Friday, August 15, 2014

Dear Tyler (advice to my nephew, a first year teacher)

(This blog post is a letter to my nephew Tyler who will be starting his career as an elementary school educator this month.  It is somewhat based on my letter to him when he graduated from college in May that included some advice from my perspective and experience.)

Dear Tyler,

Congratulations!  The long journey and hard work to get to graduation is done.  But, now the MOST IMPORTANT WORK lies in front of you.  The position of an educator is far from just a job; it’s a calling.  What you do each day can make a huge, life impacting change on a student’s life and future.  I am proud that you chose a career in education and proud of YOU.  Here a just a few thoughts as you assume your first teaching position:

Here is where it all begins for successful teachers.  I firmly believe that students don’t always care how much you know until they know how much you care.  When I was a student teacher, my cooperating teacher probably gave me the best advice; “make positive connections with your students by learning something unique about each one and talk to them about their interests."  Know your students.  Treat all students as if they were your own kids.  You might be the only one in a student’s life that cares about them.  If you’ve established good relationships with your students, the need to discipline will be minimal. But, if you do need to discipline a student, be sure to use your caring-concern-disappointed voice and not a voice and demeanor of anger.

An engaged student is rarely a discipline problem (Dave Burgess), so the best classroom management strategy is an engaging curriculum or lesson.  This takes some work because not all lessons are going to be perfect the first time.  But, you can control your enthusiasm, passion, interest, and willingness to learn along with your students.   Be sure your learning environment allows students to experience joy and a sense of awe (Dean Shareski).  Always strive for Better.  Be open to learning how your students learn best.  Just ask the students.  The input that I solicited from my students in my early years of teaching did more for my quest for “better” than any principal evaluation and Master’s level coursework.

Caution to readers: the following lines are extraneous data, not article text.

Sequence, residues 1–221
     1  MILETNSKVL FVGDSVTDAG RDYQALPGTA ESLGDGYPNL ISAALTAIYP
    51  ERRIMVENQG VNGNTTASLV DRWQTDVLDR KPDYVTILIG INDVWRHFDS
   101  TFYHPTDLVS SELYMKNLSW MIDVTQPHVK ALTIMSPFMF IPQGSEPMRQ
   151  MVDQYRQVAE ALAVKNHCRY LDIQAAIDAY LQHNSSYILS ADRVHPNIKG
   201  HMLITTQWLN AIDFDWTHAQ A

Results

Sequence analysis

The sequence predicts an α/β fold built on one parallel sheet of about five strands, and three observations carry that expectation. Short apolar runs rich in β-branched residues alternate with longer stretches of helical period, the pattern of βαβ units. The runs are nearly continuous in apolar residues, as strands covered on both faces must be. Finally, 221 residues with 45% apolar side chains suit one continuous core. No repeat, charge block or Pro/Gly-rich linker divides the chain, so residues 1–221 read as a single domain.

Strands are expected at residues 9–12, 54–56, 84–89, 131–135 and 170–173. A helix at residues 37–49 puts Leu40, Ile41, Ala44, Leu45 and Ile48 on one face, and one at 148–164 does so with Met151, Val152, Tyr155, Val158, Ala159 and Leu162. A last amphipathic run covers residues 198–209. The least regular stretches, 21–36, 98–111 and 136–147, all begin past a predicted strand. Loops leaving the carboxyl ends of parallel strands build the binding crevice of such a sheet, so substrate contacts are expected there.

When you have the passion and mindset to be the best you can be, your effort will naturally be at the appropriate level. Keep in mind, “Provide an uncommon experience for your students and they will reward you with an uncommon effort and attitude” (Dave Burgess).  Have high expectations for yourself and for all of your students.  Believe in them.  Tell your students often; “You are a genius and the world needs your contribution” (Angela Maiers).  In everything you do, “give to the world the best you have and the best will come back to you” (Anonymous).

Photo credit Angela Maiers 2011,

Taking care of your physical and mental health are extremely important to being on top of your “teaching” game.  Sound mind, sound body (Asics).  You are going to make mistakes, learn from them and move on.  Have a few “rocks” in your life who you can share your frustrations with and boost you up when times are tough.  The sun will rise the next morning and your students will need you.  No matter what, there is always better.  Never stop learning.  Read, take a class, and learn from others.  Twitter has connected me with some amazing educators across the world.  My Personal Learning Network has probably done more for my professional learning than many of my college courses.  Finally, laugh often, have some fun, and enjoy the ride.  

Best wishes on a successful start to what will be an amazing teaching career for you.  If there is ever anything I can do to help, please let me know.

Uncle Joel

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